Why is The Number Zero for Hexar?
In the recent certification test Hexar's V-50 was 3502 Ft./Sec. against the M-80 Ball round, which is a 147 Gr. Full Metal Steel jacket lead core round traveling at 2780 Ft./Sec. +/- 30 Ft./Sec.. This velocity of 2780 Ft./Sec. for this round is called reference velocity, and it's where the armor should present a ZERO percent chance of penetration. Believe it or not though when they do the V-50 in the certification test, the probability limits equation that they plug the data points in often determines that there is a slight chance for many soft & hard armor systems of penetration at reference velocity. Typically you can pass with as many as 5 of these predicted shots out of 1000. We call these fluke penetrations, and that's why we say ZERO is better!
A super high V-50 like 3502 Ft./Sec. also predicts that it can address other threats in the level 3 and 3+ range, and not all rifle rated armor can. For example, UDPE (unidirectional Polyethylene) and steel plates can't defeat the green tip M855, which is a common round fired from an AR15 that has a steel tip. Further the UDPE and steel hard plate can't defeat the 7.62mm x 39mm BZ (AK-47 round with hardened steel core), the list goes on, but Hexar with it's massive V-50 gives you supreme confidence in ZERO!
So What Exactly is a V-50
As stated above a system can pass even if there is a small chance of penetration at reference velocity! The regressive V-50 test is a modified military style V-50 test where they start their first shot at reference velocity; so for a given example, a .44 magnum level III-A round, they would start the first shot on a panel at 1430 Ft./Sec. +/- 30 Ft./Sec. (Reference Velocity). After that shot, which presumably will be defeated, they will increase the velocity by about 75 Ft./Sec., and continue increasing the velocity shot after shot until the tester sees a penetration. Once they achieve a penetration the tester will lower the velocity, and if it's a partial they will increase the velocity, or lower the velocity further if it's a penetration. They fire 12 shots on a soft panel, and during the certification test they shoot 10 separate panels yielding 120 shots total. They plug the numbers into a probability limits equation, and behold, they have a number where that particular round, against that particular ballistic armor package represents the velocity where there is a 50/50 chance of penetration. And the higher the number the better. These data points can also be used to determine the velocity were there is a 5% chance of penetration, and the chance of penetration at reference velocity, which is the definition of the fluke penetration. Ideally you want that number to be ZERO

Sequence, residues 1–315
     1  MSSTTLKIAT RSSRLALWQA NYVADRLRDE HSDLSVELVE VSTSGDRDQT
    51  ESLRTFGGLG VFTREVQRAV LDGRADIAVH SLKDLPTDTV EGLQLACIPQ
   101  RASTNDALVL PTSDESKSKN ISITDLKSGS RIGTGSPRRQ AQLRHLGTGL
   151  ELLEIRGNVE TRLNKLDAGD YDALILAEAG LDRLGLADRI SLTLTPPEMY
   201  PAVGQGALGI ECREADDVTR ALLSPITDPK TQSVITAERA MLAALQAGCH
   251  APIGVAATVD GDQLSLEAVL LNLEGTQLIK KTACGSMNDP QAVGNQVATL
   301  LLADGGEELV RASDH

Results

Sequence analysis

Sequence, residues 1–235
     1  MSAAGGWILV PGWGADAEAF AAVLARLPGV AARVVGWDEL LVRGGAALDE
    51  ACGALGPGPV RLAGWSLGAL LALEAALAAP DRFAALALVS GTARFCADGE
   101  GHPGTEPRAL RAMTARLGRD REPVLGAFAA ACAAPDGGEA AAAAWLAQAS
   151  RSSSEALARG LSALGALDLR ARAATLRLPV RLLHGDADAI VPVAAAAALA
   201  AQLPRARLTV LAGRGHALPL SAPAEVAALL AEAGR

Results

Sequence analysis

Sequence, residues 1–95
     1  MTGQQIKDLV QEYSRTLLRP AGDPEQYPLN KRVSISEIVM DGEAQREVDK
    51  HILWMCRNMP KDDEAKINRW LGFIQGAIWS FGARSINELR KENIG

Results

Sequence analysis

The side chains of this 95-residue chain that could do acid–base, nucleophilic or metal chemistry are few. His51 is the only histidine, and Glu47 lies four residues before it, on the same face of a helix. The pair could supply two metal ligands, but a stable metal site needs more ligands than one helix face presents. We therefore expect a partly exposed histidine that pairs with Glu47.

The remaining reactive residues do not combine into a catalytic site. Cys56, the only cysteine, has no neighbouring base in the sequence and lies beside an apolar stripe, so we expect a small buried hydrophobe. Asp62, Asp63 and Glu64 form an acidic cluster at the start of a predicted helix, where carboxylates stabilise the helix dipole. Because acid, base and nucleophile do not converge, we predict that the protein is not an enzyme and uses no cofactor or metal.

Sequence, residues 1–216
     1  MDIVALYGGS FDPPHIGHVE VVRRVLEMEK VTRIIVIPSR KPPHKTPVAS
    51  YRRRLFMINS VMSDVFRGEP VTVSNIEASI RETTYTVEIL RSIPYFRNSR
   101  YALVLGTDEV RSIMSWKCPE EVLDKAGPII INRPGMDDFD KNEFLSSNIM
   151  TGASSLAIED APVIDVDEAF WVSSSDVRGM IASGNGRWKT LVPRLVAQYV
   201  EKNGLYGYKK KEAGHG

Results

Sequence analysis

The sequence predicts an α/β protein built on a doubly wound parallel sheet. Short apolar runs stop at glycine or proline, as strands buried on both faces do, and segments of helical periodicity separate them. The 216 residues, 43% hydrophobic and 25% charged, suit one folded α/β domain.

As stated above a system can pass even if there is a small chance of penetration at reference velocity! And that's why Hexar Titan with it's massive V-50 and it's zero percent chance of penetration at reference velocity is the ultimate in confidence!
I Have noticed That SAS Advertises NIJ Certified Armor, and Independently Tested Armor, What's the Difference?
It's pretty simple, NIJ Certified means that a company has quantified a ballistic system, and has submitted it through the voluntary NIJ 0101.06 protocol. Its a lot of testing, and if the company passes, their product is then listed on the certified products list (CPL at www.justnet.org) , and the model will undergo audits periodically. For grant purposes you will need this certification to get a government subsidy, and most department purchasing divisions require it because the procurement process in this day and age is largely a paperwork
battle between companies vying for business.
Independently tested ballistic armor is submitted to an NIJ certified lab instead of submitting through the NIJ, and it's usually a single panel or a spread of panels tested against the threat level you wish to claim the system addresses. With respect to our premium light weight system the Razor Light 3-A or RZLIIIA, we submit the panel comprised of Dyneema SB117, and test it against the .44 Magnum, and then present test data showing that the blunt force signature (trauma determined by the indentation in the clay backing) to be less than the 44mm mark allowed. At the weight we advertise we rely on DSM's advertised V-50 data to back the system. Additionally when we receive a "lot" of material from DSM we submit a panel for confirmation of repeatable performance. We also do in house testing as a final confirmation. Generally speaking we are at the same weight as other certified systems. So a proper independently tested system, with proper QC protocols in place produces a good product that you can depend on.